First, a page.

If there’s an up side to being a doctor who runs and gets injured it’s learning about the new therapies out there for sports-related injuries.
I had my second chiropractic treatment yesterday for my lower back/hip issue. Since my first visit over a week ago I have felt about 80% better. Unfortunately there wasn’t much change in the range of motion of my left hip joint. He suspects I have a deep ball and socket joint, meaning I was born this way and will just have to accept it and work with it. After a rather vigorous ART therapy session he decides to use a Graston tool on my tender fascia.
A Graston tool?
You can see it has a few different edges – one sharp, one dull and one somewhere in between. The traditional method of working the fascia left patients battered, bruised and bleeding, this according to my chiropractor who told me the history of the tool. Honestly I don’t recall a lot of what he said, I was too focused on bracing through the new sensation of this tool working on my fascia. It didn’t hurt per se, it was more of a grating sensation.
The Graston technique is described as :
an instrument-assisted, soft tissue mobilization therapy. It is beneficial in breaking up fascial restrictions, scar tissue adhesions, and detecting areas of chronic inflammation and/or fibrosis. Graston has been known to help conditions such as a cervical sprain/strain, tennis elbow and golfer’s elbow, lumbar sprain/strain, rotator cuff tendinosis, and even Achilles tendinosis.
At the end of treatment my skin felt raw and was red. I expected to wake up today completely bruised but I wasn’t. The area is sore today but not nearly as bad as I expected. Apparently there is no real consensus on what causes fascial pain or why working on fascia relieves pain. But talk to any athlete or casual runner and they’ll tell you that manual therapy on their fascia worked. Confused yet? I certainly am. I read this article on fascia science and I am still not clear on anything. I have no idea what is ultimately the cause of my pain but I do know that after ART and this Graston tool, things are feeling better.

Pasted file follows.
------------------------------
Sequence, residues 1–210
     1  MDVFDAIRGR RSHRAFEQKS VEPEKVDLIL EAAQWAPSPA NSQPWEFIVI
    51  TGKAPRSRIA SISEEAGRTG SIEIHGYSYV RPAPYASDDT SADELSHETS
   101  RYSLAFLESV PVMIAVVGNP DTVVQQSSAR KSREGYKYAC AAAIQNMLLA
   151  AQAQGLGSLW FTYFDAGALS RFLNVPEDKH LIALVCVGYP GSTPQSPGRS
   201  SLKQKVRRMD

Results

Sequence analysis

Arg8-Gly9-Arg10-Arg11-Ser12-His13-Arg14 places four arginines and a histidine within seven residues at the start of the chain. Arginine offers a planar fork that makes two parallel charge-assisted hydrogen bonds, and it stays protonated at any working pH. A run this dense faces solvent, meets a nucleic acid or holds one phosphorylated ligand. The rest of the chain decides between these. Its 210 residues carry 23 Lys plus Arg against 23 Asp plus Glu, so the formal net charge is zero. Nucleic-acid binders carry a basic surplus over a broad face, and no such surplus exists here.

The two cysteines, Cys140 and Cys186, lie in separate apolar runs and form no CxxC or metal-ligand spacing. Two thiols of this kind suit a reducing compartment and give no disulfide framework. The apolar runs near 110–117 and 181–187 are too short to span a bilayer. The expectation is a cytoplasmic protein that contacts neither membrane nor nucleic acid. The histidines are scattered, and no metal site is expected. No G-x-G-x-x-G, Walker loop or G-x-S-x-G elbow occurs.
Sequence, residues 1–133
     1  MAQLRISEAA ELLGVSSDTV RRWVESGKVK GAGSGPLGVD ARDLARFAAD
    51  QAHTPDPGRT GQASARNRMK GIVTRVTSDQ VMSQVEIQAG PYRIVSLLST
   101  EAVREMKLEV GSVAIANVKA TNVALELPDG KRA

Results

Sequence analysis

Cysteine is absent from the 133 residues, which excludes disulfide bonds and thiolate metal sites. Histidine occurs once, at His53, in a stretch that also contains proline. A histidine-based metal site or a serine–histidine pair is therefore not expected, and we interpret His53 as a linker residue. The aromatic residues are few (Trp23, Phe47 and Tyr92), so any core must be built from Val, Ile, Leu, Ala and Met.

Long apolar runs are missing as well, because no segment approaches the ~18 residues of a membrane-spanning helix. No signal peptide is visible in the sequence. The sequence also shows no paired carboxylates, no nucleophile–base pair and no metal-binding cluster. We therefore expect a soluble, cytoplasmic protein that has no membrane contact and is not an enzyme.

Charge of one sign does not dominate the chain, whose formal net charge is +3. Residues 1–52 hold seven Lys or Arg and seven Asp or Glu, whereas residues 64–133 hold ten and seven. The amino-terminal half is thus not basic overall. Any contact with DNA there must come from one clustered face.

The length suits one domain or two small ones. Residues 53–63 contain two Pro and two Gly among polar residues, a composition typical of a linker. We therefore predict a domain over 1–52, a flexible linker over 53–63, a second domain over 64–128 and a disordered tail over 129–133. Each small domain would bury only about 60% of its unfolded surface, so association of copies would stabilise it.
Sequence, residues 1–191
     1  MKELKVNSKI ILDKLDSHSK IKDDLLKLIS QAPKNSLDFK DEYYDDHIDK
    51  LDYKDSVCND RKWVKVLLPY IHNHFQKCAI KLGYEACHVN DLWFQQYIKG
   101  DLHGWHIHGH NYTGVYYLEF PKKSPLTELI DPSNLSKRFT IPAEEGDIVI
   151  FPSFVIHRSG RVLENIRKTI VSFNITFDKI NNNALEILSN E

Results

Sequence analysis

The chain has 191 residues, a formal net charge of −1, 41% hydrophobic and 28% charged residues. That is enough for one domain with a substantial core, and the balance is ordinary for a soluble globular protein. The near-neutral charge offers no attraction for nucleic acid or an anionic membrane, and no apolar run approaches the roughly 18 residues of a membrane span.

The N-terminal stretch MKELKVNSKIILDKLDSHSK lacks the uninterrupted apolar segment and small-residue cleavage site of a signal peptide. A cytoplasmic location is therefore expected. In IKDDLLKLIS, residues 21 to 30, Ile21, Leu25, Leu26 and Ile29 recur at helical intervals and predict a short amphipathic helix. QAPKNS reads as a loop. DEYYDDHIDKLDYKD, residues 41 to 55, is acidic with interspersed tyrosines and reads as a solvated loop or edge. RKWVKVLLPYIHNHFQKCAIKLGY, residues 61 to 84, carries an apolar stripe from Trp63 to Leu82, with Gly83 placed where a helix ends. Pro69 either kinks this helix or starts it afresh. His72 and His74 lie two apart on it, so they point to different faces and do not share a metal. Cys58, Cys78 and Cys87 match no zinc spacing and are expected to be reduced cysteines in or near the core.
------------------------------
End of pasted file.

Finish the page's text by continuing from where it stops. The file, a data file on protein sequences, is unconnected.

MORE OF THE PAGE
A few months ago, I saw a patient with chronic neck/shoulders and upper back pain. He’s in his 60s and gets horrible tension headaches which he believes comes from the pain in his neck and shoulders. When I examined him I noted that his trapezius muscles were very, very tight. There was almost no give to the muscles at all. I suggested he see a chiropractor or physiotherapist who does ART. He didn’t like the idea of a chiropractor but agreed to see a physiotherapist. I found one in the area who does ART and told him to book an appointment. He came back to see me last week raving about his experience. His shoulder and neck pain is still present but it’s a lot better than its been in years and he feels like he can move his neck much more than he could a few months ago. But more importantly, his headaches have completely resolved. “I don’t know what she was doing and it wasn’t a pleasant experience, doc, but it worked! Thank you!”
In the end, it doesn’t matter that the science of fascia is still iffy. What matters is that therapeutic tools have developed that help patients feel better.